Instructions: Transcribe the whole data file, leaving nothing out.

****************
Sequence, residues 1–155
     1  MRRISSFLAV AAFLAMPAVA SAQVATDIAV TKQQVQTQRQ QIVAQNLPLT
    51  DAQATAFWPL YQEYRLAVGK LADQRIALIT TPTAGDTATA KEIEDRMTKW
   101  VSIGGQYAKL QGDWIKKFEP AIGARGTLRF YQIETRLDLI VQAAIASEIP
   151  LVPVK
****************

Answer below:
Sequence, residues 1–155
     1  MRRISSFLAV AAFLAMPAVA SAQVATDIAV TKQQVQTQRQ QIVAQNLPLT
    51  DAQATAFWPL YQEYRLAVGK LADQRIALIT TPTAGDTATA KEIEDRMTKW
   101  VSIGGQYAKL QGDWIKKFEP AIGARGTLRF YQIETRLDLI VQAAIASEIP
   151  LVPVK